Don’t be a victim of an IRS imposter scam – Wells Fargo

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Steer clear of IRS imposter scams

Learn to spot scams and avoid tax fraud.

Imposter scams that lead to tax fraud and identity theft typically increase during tax season. Take steps to help avoid common tax scams that can negatively impact your financial well-being. 

Scam #1: Phishing

The Internal Revenue Service (IRS) reports that phishing schemes are a continuing problem. Phishing is an attempt to obtain a payment or sensitive information such as usernames, passwords, and account details by scammers impersonating a reputable company via email, text message, or social media. Once acquired, your personal or account information can be used to access your account and steal money.

Learn how to spot fake IRS messages.

What you should know:

  • If you receive an email claiming to be from the IRS requesting personal or account information, or tax payment due, do not: reply, click on any links, or open any attachments, which may contain malicious software.
  • Never provide passwords, account numbers, or personal information in response to emails or other messages. The IRS does not solicit information via email, text, or social media.
  • If you are a Wells Fargo customer and respond to a suspicious message by clicking a link, opening an attachment, or providing personal information, call us immediately at 1-866-867-5568

Scam #2: Fraudulent phone calls

Scammers, posing as the IRS, call claiming you owe taxes. They may demand that you settle the bogus tax bill by sending money through a gift card, prepaid debit card, or wire transfer. 

What you should know:

Do not engage in conversation if the caller: 

  • Demands immediate payment
  • Uses aggressive tactics, such as threatening arrest, deportation, or license revocation
  • Requests credit, debit, or bank account numbers over the phone

Even if the caller has the last four digits of your Social Security number or other identifiable information, do not share any additional information.

If you are uncomfortable with a request on a phone call that you did not initiate, do not respond. Instead, hang up immediately and contact the IRS directly to confirm the validity of the request. If you think it is a scam, call the Treasury Inspector General for Tax Administration at 1-800-366-4484

Know that the IRS will not:

  • Ask you to pay your taxes using a gift card, pre-paid debit card, or wire transfer.
  • Threaten to immediately have you arrested or deported for not paying.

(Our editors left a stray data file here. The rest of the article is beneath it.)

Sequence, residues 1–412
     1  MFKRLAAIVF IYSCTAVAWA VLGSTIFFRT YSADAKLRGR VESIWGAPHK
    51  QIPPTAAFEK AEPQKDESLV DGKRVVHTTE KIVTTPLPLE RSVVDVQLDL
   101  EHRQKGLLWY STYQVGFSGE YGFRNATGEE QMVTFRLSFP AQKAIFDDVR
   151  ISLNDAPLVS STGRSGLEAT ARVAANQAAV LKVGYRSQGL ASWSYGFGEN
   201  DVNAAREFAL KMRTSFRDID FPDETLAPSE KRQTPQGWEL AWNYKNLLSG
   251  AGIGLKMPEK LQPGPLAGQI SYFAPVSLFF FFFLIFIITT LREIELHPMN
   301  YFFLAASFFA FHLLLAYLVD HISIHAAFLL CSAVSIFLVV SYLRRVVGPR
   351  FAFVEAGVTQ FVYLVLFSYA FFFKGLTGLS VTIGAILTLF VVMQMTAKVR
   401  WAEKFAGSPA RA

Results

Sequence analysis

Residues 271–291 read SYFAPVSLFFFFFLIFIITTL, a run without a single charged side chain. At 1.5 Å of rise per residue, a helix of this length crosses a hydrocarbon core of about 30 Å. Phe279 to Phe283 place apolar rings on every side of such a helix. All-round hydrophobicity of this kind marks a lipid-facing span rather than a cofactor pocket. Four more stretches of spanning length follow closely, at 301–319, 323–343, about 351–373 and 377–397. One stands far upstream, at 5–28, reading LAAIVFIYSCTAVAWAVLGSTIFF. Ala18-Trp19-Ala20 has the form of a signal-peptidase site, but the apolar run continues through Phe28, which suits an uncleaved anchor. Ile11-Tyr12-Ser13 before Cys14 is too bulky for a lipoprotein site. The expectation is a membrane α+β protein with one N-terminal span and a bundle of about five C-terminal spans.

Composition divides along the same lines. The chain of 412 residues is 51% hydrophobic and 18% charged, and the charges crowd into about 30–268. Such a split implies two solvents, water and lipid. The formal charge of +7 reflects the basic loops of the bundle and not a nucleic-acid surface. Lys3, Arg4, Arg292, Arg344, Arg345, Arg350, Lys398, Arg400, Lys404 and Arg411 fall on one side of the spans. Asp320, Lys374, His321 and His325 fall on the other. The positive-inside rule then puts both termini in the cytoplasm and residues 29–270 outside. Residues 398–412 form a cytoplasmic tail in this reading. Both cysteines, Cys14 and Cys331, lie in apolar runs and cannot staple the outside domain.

• Initiate contact with you by email or through social media.
  • Request personal or account information by email, text, or social media.

Scam #3: Identity theft

Scammers steal your personal and financial information for illegal or fraudulent activities, like filing a tax return in your name.

One growing identity theft scam involves criminals stealing client data from tax professionals or directly from you by obtaining your tax software logon information, filing a fraudulent tax return and having the refund deposited into your bank account. Then they use various methods to demand that you return the money over to them.

In one version, the scammers, pretending to be IRS debt collectors, contact you claiming a refund was deposited in error. Then they ask you to forward the money to their “collection agency”.

In another variant, you receive an automated phone call from someone claiming to be from the IRS threatening you with criminal charges, an arrest warrant, and a “blacklisting” of your Social Security number if you do not return the refund. The caller then gives you a case number and phone number to call to return the money.

If you received an erroneous refund, find out how to legally return it.

What you should know:

  • Use a unique username and password for tax filing software, and update them at least annually.
  • Do not share your Social Security number with others unless absolutely necessary.
  • Shred sensitive documents before discarding.
  • Avoid storing personal and account information on your computer or mobile devices.
  • Review your credit report every year to confirm that the list of credit accounts is accurate. You can receive a free copy of your report every 12 months from each of the credit reporting agencies, as well as AnnualCreditReport.com.

Take action if you fall for a tax scam

  • Contact your financial institution to close any impacted account.
  • Report identity theft to IdentityTheft.gov and follow the steps to obtain your personalized recovery plan. 
  • If your Social Security number is stolen, contact the IRS and read about Social Security number theft.
  • File a complaint using the FTC Complaint Assistant and select “Imposter Scams.Rip-offs and Imposter Scams”.

For more information about the latest scams, review the IRS’ “Dirty Dozen” tax scams.

For additional tips to help protect yourself from fraud, visit the Security Center.

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